Saturday, April 23, 2022

Performance review: ELLIOT SHARP live film score


Originally published in The NYC Jazz Record, John Pietaro, NY@Night column, May 2022

Elliott Sharp, live film score

White Box Artspace, New York NY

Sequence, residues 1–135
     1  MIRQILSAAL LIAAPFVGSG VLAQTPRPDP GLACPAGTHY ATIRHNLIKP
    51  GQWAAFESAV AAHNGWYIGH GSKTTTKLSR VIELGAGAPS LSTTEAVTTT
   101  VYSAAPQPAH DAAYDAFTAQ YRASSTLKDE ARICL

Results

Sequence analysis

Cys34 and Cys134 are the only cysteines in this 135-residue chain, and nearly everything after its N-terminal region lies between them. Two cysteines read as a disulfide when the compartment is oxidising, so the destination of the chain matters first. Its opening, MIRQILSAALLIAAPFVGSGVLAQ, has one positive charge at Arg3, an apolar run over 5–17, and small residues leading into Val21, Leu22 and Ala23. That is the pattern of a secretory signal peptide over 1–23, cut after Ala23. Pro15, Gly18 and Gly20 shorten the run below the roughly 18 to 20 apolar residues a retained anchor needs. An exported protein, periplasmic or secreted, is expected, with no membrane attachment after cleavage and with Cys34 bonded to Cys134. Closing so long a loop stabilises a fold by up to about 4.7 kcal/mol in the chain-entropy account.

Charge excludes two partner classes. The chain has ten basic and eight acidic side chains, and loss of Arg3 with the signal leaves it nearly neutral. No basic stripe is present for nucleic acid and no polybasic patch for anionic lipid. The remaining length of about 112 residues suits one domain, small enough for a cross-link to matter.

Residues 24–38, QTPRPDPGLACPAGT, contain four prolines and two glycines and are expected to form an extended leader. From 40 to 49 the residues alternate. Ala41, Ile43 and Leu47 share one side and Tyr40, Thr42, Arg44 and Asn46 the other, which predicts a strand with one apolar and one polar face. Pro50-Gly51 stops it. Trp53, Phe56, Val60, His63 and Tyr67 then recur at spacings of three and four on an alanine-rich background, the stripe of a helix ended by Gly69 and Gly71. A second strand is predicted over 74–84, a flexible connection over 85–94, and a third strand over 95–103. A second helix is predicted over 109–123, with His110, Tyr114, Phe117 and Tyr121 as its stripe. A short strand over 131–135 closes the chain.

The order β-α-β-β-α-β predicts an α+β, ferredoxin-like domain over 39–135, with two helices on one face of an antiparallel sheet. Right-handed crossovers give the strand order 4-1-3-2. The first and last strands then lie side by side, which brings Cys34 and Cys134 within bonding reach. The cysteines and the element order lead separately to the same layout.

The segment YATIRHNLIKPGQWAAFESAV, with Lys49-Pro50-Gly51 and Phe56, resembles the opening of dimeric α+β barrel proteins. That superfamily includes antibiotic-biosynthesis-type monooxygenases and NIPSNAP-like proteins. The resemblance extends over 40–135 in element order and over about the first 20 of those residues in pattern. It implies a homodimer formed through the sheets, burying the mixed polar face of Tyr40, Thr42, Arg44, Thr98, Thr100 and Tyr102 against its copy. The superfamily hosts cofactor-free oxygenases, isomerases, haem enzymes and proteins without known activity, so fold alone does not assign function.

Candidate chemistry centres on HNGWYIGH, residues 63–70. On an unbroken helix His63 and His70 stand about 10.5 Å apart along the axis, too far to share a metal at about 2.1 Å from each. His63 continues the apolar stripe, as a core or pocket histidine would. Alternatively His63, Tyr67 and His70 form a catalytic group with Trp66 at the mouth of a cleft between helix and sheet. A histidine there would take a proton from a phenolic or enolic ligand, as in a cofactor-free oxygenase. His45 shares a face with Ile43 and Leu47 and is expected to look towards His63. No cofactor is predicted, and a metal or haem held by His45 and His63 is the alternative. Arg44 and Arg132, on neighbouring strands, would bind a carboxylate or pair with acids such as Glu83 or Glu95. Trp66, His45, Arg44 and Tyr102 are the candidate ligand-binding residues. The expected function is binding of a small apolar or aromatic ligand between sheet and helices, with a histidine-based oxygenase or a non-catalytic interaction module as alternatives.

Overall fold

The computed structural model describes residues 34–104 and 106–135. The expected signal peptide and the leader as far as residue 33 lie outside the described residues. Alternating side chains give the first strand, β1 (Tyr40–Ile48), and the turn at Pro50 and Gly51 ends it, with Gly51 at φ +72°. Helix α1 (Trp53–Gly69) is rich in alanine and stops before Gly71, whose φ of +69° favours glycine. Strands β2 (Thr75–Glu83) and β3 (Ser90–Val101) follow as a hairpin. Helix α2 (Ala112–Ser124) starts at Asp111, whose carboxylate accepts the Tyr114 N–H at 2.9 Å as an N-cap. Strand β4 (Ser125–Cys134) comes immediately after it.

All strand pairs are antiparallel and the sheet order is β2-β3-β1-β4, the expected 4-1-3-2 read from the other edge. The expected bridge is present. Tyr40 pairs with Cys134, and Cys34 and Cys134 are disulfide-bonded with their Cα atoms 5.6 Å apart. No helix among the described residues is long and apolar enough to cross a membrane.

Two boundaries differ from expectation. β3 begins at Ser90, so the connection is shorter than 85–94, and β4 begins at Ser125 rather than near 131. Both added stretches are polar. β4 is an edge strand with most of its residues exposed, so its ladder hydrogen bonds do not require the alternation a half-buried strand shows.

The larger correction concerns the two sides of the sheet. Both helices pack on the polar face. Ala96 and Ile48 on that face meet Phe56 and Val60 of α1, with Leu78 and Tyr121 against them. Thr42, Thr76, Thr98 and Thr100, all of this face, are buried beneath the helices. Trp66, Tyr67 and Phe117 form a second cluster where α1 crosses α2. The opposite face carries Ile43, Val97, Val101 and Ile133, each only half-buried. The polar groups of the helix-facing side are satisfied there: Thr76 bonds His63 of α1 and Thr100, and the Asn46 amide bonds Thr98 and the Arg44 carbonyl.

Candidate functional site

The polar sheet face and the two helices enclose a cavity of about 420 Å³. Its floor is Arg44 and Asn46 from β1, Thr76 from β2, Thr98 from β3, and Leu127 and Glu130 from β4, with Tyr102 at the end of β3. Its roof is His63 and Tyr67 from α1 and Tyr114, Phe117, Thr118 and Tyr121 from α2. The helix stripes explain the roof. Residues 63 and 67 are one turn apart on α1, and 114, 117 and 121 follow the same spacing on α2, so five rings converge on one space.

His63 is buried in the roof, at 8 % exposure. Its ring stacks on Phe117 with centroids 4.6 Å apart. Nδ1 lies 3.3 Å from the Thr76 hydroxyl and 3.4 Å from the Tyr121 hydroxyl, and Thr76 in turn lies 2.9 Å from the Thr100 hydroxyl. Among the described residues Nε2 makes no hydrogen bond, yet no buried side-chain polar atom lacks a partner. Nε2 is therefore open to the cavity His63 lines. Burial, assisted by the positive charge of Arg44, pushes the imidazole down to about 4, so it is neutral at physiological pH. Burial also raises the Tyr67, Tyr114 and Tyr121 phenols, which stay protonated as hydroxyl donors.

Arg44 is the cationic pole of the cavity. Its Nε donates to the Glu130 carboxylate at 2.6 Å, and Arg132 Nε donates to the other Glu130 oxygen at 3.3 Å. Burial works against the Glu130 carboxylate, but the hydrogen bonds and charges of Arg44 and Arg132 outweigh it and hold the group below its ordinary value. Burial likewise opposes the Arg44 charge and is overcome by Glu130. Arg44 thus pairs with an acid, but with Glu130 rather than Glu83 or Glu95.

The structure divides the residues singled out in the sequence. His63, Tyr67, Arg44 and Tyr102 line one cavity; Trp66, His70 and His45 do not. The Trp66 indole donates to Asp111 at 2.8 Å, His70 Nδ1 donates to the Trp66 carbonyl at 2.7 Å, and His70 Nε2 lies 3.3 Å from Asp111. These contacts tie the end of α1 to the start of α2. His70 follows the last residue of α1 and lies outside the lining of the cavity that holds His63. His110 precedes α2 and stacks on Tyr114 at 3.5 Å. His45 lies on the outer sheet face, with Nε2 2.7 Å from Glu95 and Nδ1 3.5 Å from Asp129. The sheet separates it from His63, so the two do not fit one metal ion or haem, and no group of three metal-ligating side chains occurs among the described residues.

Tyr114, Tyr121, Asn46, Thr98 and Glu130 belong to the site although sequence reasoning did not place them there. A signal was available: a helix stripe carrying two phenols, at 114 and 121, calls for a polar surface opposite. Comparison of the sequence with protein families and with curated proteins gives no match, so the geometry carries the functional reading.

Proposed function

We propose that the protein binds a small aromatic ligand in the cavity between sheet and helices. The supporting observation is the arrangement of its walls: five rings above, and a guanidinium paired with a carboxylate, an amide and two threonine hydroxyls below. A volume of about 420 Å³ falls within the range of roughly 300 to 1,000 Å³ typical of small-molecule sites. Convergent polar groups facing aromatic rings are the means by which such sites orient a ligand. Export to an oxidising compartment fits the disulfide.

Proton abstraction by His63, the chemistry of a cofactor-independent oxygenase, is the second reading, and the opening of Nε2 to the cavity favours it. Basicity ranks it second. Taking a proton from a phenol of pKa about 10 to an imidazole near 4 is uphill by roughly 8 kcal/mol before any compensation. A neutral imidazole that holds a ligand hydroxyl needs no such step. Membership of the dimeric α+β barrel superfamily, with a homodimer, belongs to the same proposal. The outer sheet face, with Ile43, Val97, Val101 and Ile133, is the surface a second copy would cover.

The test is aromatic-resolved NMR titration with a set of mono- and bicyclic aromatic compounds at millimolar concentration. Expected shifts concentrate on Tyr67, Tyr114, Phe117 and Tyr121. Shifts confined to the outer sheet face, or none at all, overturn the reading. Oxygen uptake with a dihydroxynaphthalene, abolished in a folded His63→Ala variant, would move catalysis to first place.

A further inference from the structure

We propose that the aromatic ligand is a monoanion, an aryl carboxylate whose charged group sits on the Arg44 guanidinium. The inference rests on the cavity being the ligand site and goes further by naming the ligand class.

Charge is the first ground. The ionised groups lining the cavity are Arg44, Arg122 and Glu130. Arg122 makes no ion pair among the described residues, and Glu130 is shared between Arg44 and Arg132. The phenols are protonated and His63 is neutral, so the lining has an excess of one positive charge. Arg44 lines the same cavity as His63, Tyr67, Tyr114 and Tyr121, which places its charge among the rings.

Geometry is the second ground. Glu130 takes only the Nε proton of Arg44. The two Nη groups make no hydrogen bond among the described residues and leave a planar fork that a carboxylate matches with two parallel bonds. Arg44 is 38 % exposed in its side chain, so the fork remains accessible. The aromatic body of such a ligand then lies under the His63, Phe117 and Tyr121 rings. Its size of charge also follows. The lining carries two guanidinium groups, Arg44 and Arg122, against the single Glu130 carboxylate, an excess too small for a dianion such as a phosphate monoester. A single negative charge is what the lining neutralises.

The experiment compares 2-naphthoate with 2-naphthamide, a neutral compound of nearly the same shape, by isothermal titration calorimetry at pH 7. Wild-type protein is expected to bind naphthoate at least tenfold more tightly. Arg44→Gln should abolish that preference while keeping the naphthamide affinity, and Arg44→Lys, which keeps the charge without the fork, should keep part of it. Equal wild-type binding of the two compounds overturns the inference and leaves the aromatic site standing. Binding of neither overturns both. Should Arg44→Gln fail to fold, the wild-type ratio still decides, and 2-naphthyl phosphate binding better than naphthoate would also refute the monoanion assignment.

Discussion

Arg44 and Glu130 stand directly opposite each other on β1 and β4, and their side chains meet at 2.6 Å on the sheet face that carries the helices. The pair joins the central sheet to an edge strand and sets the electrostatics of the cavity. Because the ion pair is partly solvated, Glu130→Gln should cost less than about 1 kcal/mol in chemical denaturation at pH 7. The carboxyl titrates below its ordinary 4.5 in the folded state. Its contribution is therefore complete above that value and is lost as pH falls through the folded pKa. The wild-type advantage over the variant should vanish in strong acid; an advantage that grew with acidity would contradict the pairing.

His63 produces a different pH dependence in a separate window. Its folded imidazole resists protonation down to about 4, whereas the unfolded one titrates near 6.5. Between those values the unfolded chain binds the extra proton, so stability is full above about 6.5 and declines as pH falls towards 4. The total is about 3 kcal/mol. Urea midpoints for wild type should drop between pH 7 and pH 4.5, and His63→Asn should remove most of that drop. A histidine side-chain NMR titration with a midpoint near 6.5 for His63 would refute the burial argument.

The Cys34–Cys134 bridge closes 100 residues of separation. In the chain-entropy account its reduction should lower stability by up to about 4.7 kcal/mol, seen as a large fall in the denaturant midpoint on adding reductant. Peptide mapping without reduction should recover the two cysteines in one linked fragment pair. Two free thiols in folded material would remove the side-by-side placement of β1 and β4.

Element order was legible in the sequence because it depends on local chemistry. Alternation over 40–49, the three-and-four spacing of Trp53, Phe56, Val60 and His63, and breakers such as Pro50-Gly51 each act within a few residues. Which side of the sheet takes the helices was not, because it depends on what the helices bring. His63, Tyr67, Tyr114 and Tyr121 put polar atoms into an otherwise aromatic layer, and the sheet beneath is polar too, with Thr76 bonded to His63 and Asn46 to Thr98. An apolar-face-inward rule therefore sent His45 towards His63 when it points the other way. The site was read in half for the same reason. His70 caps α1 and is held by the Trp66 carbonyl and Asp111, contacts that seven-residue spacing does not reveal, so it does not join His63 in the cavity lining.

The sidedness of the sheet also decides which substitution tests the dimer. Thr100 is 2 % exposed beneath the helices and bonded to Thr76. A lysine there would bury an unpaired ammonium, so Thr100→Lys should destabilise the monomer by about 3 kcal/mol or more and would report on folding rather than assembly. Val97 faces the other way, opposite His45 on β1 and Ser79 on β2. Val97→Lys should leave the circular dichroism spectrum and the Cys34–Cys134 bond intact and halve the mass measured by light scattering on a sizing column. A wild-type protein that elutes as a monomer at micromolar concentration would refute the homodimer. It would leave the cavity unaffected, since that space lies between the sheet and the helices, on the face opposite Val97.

Elliott Sharp is a Downtown original. Composer, guitarist and woodwind player of eminence, his music, more than four decades into such a career, maintains a sense of wonder and innovation. Among his most profound pieces are those created collaboratively, and this was evidenced at the Whitebox Artspace (April 5). Sharp, playing an 8-string electric guitar/bass further expanded by effects, performed live to segments of film by Janene Higgins. The designer/video artist’s work is as severe, expansive and mercurial as the East Village itself (her alliances with Zeena Parkins, Christian Marclay, Ikue Mori, many others, speaks volumes) and these selections from Sharp’s opera installations, and a work with interdisciplinary artist Rena Anakwe, were visually compelling and sonically riveting. Port Bou, an opera based on the final moments of the great Marxist philosopher Walter Benjamin, just prior to his execution by the Nazis, sports dark fascist imager countered forcefully by Sharp’s hammer-ons, tapping and long held distorted tones. The opera installation Filiseti Mekidesi of 2018 explores the search for solace and belonging by refugees via intertwined genome-like designs and visions of deep space. The score (pre-recorded but enhanced by Sharp’s live performance) featured repetition and phasing in the flute and brass sections and throbbing percussion, but this was far from the minimalist brand. And Die Grosst Fugue (2021) was an emotional firestorm, depicting Beethoven at 250, mad, detached, deaf and falling into fugue states which had Sharp’s searing, canonic guitar lines conjuring Robert Fripp over stunning visuals.

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